There once was a time when the Philadelphia theatre scene was as sleepy as can be. Just 90 miles from New York theatre, audiences were content to wait for a Broadway out-of-town tryout or to take in the occasional show at the Walnut Street Theatre.
But that hasn’t been true for years. With over 160 theatre companies, acting companies, collectives and producers, the Philly scene couldn’t be more happening. The 2019-2020 season was a natural outgrowth of our city’s theatrical vibrancy and its growing love for its own dramatists.
People have been referring to it as the “World Premiere Season,” because nearly 30 brand new plays by Philadelphia dramatists opened or were scheduled to open. Almost everyone seemed to be getting into the act including nationally recognized theatres such as the Wilma Theater and the Arden Theatre Company. But as usual, it’s the scrappy theatre companies where the real action is.
Some cities might consider self-productions to be “vanity productions”. Here in Philly, self-producing isn’t just welcomed, it’s expected. Philadelphia playwrights earn “street cred” by taking their own shows to the Philadelphia Fringe Festival or Free Fringe Philly. They also start theatre companies or collectives such as Power Street Theatre, Paper Doll Ensemble, Sewer Rats, and Orbiter 3 to ensure that their work goes public.
Well-regarded theatre companies such as 1812 Productions, and Azuka and Simpatico Theatres all got their start as one-offs. The people behind these theatre companies, Jennifer Childs, Kevin Glaccum, and Allison Heishman simply decided their work couldn’t wait to be discovered and built the theatre scene they wanted from the ground up.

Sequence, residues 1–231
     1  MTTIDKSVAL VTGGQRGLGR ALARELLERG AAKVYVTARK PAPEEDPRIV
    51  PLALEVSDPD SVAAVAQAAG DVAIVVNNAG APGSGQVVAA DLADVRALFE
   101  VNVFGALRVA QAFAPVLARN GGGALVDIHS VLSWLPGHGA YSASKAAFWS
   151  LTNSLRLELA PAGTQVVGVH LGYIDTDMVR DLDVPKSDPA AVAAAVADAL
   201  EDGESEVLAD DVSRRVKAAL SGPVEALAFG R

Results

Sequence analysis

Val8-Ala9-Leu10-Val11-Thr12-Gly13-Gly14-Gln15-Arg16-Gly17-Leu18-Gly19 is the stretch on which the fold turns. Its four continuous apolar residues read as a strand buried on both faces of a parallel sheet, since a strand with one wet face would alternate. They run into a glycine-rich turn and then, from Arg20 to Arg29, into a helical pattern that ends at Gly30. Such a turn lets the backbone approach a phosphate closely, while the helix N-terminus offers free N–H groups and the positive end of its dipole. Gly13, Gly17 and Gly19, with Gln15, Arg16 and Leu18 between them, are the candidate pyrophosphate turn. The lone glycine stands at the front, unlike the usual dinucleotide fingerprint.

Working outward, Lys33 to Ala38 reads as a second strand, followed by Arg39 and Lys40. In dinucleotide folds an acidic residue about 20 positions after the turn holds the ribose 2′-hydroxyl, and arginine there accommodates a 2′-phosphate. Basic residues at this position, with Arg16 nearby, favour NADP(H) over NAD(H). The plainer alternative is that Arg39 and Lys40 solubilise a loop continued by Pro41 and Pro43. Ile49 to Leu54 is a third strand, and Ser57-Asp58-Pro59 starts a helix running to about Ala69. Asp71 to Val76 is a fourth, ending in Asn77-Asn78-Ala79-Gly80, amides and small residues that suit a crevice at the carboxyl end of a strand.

The scrappiness of Philadelphia playwrights pays off in other ways. Three Philly playwrights whose productions are listed here made this year’s Kilroys List. Lorene Cary (My General Tubman), JACQUELINE GOLDFINGER (Babel), and Stephanie Kyung Sung Walters (Esther Choi and the Fish that Drowned) have all received national recognition because they didn’t sit around and wait to be discovered by someone else.
Philadelphia’s World Premiere Season – like all theatre seasons – has been cut short by the corona virus, but its spunky can-do spirit lives on. There were four more world premieres were scheduled for May 2020 alone: Steal Her Bones by Thomas Gibbons at InterAct Theatre Company; The Funeral by Derrell Lawrence at Lawrence Theatre Company; a new musical play, Bayard Rushton: Inside Ashland by Steve H. Broadman III at People’s Light in Philly; and Kill Keller by Paul Hood at Narçisse Theatre Company in Harrisburg. Plans are already afoot to move all these plays to next season along with all the other shows that had to be postponed.
Philadelphia theatre artists are proud of the fact than our 2019-2020 World Premiere Season sprang up organically, and we’re hopeful that it will be the first of many.